• It was initiated and is led by the LSO musicians.
  • It delivers a diverse range of community programmes and workshops,  engaging with a total of 60,000 participants and over 1,000 events pre-pandemic. 

East stressed that the aim of Discovery is to experiment with different ways of making the orchestral and classical music experience accessible to those of all ages and backgrounds, removing barriers to music, and to provide support and training for the next generation of musicians.

Discovery has also brought a strong sense of fulfilment and happiness to the musicians, as they have been able to strengthen their connection with the community, bond with people and contribute to the development of the next generation in a way that is not possible by simply performing on stage. During the lockdown in London, the orchestra successfully launched a new online project with composer Ayana Witter-Johnson, where she and a group of young students collaborated online to create new original work.

Following East's talk, the British Council’s Chika Sudo gave a presentation reflecting on the programmes delivered in Japan with the LSO since 2018. The project aimed to share the legacy from London 2012 in which LSO engaged and performed with young musicians in East London to access inspirational music making opportunities to stakeholders in Japan looking towards Tokyo 2020, hoping to see an increased number of Japanese musicians who can engage diverse members of the community in the creation of music. Below is a snapshot of the project.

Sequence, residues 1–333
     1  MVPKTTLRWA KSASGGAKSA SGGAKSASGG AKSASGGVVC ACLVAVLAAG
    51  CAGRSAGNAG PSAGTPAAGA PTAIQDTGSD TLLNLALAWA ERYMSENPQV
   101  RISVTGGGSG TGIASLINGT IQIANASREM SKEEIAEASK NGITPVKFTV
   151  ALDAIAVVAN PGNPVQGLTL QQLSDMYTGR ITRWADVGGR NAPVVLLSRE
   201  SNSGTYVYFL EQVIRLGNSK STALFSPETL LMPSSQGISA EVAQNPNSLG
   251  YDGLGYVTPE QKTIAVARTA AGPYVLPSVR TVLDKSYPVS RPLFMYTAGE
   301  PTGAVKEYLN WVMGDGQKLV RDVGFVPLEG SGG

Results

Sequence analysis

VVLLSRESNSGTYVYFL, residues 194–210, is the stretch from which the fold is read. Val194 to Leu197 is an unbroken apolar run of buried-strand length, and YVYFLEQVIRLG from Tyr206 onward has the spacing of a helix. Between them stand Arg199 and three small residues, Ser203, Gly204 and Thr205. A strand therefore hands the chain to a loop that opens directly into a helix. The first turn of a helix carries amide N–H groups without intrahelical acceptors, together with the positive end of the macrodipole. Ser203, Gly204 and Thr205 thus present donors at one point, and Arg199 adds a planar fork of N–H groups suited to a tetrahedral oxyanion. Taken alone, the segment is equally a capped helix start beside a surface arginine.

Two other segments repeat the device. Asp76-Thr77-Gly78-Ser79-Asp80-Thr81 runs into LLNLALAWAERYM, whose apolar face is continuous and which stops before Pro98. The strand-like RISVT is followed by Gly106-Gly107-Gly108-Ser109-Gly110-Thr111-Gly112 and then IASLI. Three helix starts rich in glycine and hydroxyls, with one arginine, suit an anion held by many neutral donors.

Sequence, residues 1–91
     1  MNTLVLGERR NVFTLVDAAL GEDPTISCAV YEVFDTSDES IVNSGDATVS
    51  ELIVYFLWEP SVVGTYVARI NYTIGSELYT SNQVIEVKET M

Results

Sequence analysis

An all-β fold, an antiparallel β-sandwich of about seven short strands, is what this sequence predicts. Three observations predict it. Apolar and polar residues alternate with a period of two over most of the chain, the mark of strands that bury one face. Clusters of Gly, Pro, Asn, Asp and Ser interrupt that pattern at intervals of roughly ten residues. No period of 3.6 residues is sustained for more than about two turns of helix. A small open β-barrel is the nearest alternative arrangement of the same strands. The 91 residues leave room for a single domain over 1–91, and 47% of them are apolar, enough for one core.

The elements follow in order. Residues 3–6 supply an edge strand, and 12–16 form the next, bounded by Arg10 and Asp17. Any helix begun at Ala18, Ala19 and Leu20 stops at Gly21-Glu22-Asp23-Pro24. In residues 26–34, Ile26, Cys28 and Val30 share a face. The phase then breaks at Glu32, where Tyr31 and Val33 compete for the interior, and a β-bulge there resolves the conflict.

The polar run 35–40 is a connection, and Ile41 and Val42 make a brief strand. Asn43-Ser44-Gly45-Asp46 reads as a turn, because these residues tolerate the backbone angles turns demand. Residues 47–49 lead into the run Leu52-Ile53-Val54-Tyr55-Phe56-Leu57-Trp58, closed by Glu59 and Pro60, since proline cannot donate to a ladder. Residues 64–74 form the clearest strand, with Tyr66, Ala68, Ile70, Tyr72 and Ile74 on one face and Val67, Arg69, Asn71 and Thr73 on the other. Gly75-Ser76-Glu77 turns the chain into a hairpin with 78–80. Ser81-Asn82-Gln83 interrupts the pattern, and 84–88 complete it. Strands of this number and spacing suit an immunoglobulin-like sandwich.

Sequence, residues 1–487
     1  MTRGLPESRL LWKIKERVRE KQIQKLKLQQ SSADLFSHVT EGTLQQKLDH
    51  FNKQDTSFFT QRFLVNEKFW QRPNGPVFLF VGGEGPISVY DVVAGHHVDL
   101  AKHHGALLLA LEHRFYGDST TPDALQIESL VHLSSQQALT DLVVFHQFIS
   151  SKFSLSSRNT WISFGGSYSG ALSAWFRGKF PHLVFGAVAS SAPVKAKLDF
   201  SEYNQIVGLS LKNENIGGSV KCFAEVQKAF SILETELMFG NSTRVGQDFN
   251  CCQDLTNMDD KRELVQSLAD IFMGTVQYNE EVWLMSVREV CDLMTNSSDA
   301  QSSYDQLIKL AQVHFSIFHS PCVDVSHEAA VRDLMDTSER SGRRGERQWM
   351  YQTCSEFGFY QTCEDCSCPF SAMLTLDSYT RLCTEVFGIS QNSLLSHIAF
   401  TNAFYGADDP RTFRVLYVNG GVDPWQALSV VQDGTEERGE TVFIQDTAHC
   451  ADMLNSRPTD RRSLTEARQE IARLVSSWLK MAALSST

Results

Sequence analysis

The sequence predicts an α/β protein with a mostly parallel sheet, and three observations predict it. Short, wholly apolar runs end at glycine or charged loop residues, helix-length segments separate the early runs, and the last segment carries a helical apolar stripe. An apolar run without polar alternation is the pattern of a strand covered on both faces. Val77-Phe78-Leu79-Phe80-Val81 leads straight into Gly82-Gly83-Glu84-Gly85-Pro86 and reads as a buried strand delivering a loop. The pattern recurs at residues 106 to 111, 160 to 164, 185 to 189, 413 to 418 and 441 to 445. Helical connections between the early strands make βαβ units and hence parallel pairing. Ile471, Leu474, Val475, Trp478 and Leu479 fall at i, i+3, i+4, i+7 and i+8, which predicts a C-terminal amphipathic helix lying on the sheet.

• A total of 46 Japanese musicians participated in skills training to enable them to lead workshops that bring out the creativity in people of various backgrounds and abilities.
  • A total of 200 people participated in workshops at institutions for disabled people, older people, junior orchestras and after-school clubs.
  • In 2021, LSO members conducted online workshops for Japanese music educators on the use of digital tools.

Animator Rachel Leach, who has been an important part of the LSO's education programmes, left some video comments on her experience with Japan. She expressed her delight at the increased number of opportunities to work with Japanese musicians and the wider public, both face-to-face and online, through her projects in Japan since 2018.

"We want more people to love music" -  Working toward further collaborations